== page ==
Golden State Warriors rookie Jordan Bell suffered what initially appeared to be a serious left leg injury on the first possession of Wednesday night’s game, coming down hard and awkwardly after trying to contest a driving dunk by Chicago Bulls center Robin Lopez.
It looked like all 6-foot-9 and 225 pounds of Bell came down square on that left leg, with his ankle appearing to invert and bend the wrong way. It became clear very quickly that something was seriously wrong with the first-year forward, who got the start in place of the resting Draymond Green, when he couldn’t get back to his feet after hitting the deck.
Jordan Bell still down. Entire team has come off the bench and surrounded him. Trainer grabbing at his lower left shin/ankle area.
— Anthony Slater (@anthonyVslater) January 18, 2018
Bell is being wheeled off the floor in a wheelchair.
— Nick Friedell (@NickFriedell) January 18, 2018
Never good to see the player carted off looking like this. You have to imagine it’s some sort of tibia issue, perhaps a fracture pic.twitter.com/WKQN1j1hjd
— BBALLBREAKDOWN (@bballbreakdown) January 18, 2018
— Tino Figueroa III (@Boogie_f) January 18, 2018
Oddly, Bell is now the second player in the last three nights to need a wheelchair to get off the floor at United Center. Miami Heat guard Tyler Johnson also suffered a nasty left ankle injury against the Bulls on Monday night, after getting tangled up with Lopez on a drive to the basket.
Things looked dire for Johnson in the immediate aftermath of his descent, too; luckily, X-rays came back negative, and his return’s now expected to come in a matter of days, not week. The silver lining in Chicago on Wednesday is that Bell’s story started the same way:
Jordan Bell update: Sprained left ankle, will not return. X-rays negative, MRI tomorrow.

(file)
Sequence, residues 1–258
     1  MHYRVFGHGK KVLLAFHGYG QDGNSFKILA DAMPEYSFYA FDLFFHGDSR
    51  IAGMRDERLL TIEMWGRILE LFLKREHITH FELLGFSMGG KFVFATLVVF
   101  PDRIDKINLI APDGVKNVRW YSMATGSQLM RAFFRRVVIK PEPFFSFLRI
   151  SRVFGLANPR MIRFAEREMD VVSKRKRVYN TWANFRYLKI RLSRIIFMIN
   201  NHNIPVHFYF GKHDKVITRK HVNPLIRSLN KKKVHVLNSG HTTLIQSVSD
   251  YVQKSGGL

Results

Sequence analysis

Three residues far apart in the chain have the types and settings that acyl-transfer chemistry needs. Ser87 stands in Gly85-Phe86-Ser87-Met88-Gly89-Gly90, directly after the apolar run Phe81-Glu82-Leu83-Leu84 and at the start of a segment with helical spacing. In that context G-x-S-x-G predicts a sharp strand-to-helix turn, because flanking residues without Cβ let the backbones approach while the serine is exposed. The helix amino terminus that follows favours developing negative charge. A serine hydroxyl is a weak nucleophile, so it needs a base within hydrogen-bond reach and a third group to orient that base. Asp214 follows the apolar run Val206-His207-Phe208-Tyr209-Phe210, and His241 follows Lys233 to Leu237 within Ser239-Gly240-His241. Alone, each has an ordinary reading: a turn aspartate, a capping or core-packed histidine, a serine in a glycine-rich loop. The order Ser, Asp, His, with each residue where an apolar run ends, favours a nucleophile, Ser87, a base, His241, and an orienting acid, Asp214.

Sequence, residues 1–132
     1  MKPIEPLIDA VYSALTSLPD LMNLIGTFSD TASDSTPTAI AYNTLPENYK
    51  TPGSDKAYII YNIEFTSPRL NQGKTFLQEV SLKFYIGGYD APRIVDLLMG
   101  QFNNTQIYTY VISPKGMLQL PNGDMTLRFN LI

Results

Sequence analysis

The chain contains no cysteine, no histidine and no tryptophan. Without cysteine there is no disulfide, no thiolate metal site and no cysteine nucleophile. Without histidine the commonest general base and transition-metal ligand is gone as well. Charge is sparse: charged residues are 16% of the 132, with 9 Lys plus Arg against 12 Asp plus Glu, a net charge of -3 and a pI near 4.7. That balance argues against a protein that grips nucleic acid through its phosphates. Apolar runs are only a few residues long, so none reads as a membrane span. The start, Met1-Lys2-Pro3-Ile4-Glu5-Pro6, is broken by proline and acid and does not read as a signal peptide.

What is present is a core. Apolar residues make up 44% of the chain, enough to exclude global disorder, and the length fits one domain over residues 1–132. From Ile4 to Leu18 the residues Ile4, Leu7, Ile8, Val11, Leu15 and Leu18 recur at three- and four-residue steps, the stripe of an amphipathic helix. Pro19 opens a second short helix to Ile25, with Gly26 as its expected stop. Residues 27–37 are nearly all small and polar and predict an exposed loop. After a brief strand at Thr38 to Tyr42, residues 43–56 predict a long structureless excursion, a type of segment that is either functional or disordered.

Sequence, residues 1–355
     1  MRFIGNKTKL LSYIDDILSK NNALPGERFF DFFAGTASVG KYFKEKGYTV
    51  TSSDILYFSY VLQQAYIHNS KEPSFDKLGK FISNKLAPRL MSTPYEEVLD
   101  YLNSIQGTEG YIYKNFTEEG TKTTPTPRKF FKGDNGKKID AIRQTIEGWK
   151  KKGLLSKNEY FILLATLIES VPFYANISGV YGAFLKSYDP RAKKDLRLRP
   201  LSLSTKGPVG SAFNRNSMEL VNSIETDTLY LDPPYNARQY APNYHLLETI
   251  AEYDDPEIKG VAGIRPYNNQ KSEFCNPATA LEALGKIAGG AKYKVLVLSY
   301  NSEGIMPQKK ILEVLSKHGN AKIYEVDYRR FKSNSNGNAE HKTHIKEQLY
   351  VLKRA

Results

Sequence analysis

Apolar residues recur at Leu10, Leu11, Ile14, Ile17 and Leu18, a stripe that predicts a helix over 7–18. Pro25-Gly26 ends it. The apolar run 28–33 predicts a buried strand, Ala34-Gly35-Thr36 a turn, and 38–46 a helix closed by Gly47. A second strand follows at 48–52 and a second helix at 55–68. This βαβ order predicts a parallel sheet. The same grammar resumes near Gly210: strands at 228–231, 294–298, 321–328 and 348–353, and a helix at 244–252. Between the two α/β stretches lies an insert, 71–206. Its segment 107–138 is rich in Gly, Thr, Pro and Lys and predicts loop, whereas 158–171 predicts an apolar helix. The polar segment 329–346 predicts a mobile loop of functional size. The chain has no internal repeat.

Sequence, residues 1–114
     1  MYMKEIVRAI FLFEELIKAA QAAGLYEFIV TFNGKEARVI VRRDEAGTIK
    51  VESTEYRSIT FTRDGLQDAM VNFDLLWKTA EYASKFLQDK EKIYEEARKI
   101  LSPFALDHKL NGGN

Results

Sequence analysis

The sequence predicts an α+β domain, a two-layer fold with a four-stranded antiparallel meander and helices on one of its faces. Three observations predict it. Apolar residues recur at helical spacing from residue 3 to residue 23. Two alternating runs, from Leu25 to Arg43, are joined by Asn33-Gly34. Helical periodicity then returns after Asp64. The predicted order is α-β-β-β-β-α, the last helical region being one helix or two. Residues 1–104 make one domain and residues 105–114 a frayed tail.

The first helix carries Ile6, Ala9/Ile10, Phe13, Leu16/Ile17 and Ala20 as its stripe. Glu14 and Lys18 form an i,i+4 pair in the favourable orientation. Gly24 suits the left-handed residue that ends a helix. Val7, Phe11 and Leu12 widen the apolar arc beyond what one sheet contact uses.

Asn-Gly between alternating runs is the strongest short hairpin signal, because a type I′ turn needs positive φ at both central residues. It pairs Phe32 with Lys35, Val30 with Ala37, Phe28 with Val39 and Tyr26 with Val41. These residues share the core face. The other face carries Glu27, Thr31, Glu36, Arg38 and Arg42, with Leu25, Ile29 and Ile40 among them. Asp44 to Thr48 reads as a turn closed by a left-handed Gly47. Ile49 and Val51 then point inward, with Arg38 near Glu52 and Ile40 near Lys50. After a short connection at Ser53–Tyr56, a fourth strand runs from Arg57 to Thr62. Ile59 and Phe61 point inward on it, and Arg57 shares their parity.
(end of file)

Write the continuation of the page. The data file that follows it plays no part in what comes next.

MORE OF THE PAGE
— Warriors PR (@WarriorsPR) January 18, 2018
The Warriors famously paid the Bulls $3.5 million for the rights to the No. 38 pick in the 2017 NBA draft back in June, specifically targeting Bell — a big, athletic power forward and small-ball five who won Pac-12 Defensive Player of the Year honors at Oregon last year — as a player who might prove to be something of a Draymond starter kit when plugged into Golden State’s uptempo offensive attack and aggressive, switch-friendly defensive scheme. Bell quickly earned a place in Steve Kerr’s rotation, and has made an impact off the bench and as a spot starter in the Dubs’ frontcourt, averaging 5.2 points, 4.0 rebounds, 1.8 assists and 1.1 blocks in 14.8 minutes per game over 37 appearances.
“I don’t really look at numbers, though. I look at the effort and the production I put in,” Bell recently told the Bay Area News Group. “It keeps me motivated to try to be the best I can be, and not to try to live up to anybody’s expectations. I try to exceed my own.”
He’s done an excellent job of that to this point in his rookie season. Here’s hoping the MRI results offer reason for optimism that he’ll be able to get back to doing so in the near future.
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